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Old 08-02-2011, 09:51 AM   #1
kirthika
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IP address


Does the computer with same wi-fi connection have same IP address?
 
Old 08-02-2011, 10:04 AM   #2
TobiSGD
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No, every computer (or other network device) has to have a unique IP within your network.
 
Old 08-02-2011, 10:18 AM   #3
onebuck
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Hi,

Welcome to LQ!

Quote:
Originally Posted by kirthika View Post
Does the computer with same wi-fi connection have same IP address?
Linux Home Networking: Ch02 Introduction to Networking should help you to understand things.

Rute Tutorial & Exposition: 25. Introduction to IP should expand things a bit;
Quote:
excerpt from '25.4 Computers on a LAN';
LANs work as follows. Network cards transmit a frame to the LAN, and other network cards read that frame from the LAN. If any one network card transmits a frame, then all other network cards can see that frame. If a card starts to transmit a frame while another card is in the process of transmitting a frame, then a clash is said to have occurred, and the card waits a random amount of time and then tries again. Each network card has a physical address of 48 bits called the hardware address (which is inserted at the time of its manufacture and has nothing to do with IP addresses). Each frame has a destination address in its header that tells what network card it is destined for, so that network cards ignore frames that are not addressed to them.
Since frame transmission is governed by the network cards, the destination hardware address must be determined from the destination IP address before a packet is sent to a particular machine. This is done is through the Address Resolution Protocol (ARP). A machine will transmit a special packet that asks ``What hardware address is this IP address?'' The guilty machine then responds, and the transmitting machine stores the result for future reference. Of course, if you suddenly switch network cards, then other machines on the LAN will have the wrong information, so ARP has time-outs and re-requests built into the protocol. Try typing the command arp to get a list of hardware address to IP mappings.
Just a few links to aid you to gaining some understanding;



1 Linux Documentation Project
2 Rute Tutorial & Exposition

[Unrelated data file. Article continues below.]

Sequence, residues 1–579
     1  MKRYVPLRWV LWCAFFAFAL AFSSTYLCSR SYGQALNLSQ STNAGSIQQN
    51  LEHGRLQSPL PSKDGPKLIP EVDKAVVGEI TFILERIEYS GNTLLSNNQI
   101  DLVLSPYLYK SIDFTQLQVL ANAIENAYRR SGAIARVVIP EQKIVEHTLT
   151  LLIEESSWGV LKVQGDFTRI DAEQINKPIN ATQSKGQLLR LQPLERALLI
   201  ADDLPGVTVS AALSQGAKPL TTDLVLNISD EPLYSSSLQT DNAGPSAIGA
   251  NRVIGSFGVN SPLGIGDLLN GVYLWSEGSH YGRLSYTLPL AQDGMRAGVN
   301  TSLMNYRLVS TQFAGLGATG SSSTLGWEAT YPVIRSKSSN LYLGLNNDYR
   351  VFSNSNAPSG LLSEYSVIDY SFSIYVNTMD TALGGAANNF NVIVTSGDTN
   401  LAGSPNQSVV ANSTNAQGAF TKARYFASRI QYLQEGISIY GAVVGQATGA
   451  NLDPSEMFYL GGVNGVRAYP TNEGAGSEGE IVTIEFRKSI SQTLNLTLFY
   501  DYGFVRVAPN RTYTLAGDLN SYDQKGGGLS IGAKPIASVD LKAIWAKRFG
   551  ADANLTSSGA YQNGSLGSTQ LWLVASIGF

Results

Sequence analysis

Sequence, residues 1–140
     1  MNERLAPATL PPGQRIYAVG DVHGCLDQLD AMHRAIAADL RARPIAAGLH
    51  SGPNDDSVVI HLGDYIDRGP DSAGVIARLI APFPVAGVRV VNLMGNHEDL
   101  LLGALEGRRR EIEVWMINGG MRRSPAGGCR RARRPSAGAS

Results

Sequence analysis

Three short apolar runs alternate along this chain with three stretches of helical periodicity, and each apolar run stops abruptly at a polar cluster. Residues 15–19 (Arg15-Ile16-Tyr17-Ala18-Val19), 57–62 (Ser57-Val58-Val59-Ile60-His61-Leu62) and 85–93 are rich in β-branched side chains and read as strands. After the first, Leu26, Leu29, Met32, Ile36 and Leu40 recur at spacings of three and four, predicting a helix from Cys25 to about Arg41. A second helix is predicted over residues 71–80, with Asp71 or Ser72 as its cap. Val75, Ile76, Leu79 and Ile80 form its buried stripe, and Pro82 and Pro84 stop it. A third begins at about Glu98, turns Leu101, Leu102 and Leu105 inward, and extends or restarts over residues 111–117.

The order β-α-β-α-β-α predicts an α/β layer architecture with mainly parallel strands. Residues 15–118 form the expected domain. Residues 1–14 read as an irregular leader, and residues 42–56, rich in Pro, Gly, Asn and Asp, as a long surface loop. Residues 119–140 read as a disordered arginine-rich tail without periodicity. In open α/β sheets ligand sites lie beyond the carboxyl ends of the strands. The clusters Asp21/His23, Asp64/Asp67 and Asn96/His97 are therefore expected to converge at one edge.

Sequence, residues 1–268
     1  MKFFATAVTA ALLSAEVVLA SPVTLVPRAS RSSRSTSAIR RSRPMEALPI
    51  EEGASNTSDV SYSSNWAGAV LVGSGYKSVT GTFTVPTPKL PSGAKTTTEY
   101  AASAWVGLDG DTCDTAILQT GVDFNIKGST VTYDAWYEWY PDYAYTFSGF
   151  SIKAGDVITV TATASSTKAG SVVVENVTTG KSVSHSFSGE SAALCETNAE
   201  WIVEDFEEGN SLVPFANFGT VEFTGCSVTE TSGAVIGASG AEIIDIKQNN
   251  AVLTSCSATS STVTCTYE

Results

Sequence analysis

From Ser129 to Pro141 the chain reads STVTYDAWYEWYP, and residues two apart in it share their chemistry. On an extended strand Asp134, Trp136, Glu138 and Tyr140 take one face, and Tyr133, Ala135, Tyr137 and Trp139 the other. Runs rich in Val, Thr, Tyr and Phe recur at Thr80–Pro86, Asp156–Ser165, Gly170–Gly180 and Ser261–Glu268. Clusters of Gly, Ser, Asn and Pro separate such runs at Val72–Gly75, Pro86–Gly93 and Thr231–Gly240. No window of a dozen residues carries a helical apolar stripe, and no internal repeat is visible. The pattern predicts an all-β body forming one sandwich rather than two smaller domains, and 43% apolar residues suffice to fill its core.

3 Linux Command Guide
4 Bash Beginners Guide
5 Bash Reference Manual
6 Advanced Bash-Scripting Guide
7 Linux Newbie Admin Guide
8 LinuxSelfHelp
9 Utimate Linux Newbie Guide
10 Linux Home Networking
11 Virtualization- Top 10

The above links and others can be found at 'Slackware-Links'. More than just SlackwareŽ links!
 
Old 08-02-2011, 10:20 AM   #4
kirthika
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In "www.whatismyip.com" website it shows us our current IP address. I am using my laptop in a LAN connecion(college wi-fi connection). It shows my IP address. My friend near me gets the same IP address. How is it possible?
 
Old 08-02-2011, 10:21 AM   #5
corp769
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To add what Gary said.... A physical connection and a wireless connection use two completely different network cards. Each card has a unique MAC address assigned to it from the factory, so each device will be given a different IP address from your router. That pretty much sums that up for you; Please read the links given to you though, as they will definitely help you understand networking in depth.

Cheers,

Josh
 
Old 08-02-2011, 10:24 AM   #6
corp769
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Quote:
Originally Posted by kirthika View Post
In "www.whatismyip.com" website it shows us our current IP address. I am using my laptop in a LAN connecion(college wi-fi connection). It shows my IP address. My friend near me gets the same IP address. How is it possible?
That is because the external IP address of your network's router is the same. You two will have different LAN IP addresses. On the command line, type the following:
Code:
ifconfig
Have your friend do the same, and you will notice that the actual IP address of your interface will be different from his. On my network, my LAN IP address is 192.168.2.91, whereas my external IP address is the actual route to the external WAN, or internet.
 
Old 08-02-2011, 10:34 AM   #7
ibaydan
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Quote:
Originally Posted by corp769 View Post
That is because the external IP address of your network's router is the same. You two will have different LAN IP addresses. On the command line, type the following:
Code:
ifconfig
Have your friend do the same, and you will notice that the actual IP address of your interface will be different from his. On my network, my LAN IP address is 192.168.2.91, whereas my external IP address is the actual route to the external WAN, or internet.
thats true
 
Old 08-02-2011, 10:45 AM   #8
corp769
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Quote:
Originally Posted by ibaydan View Post
thats true
I know it's true Any other questions?
 
  


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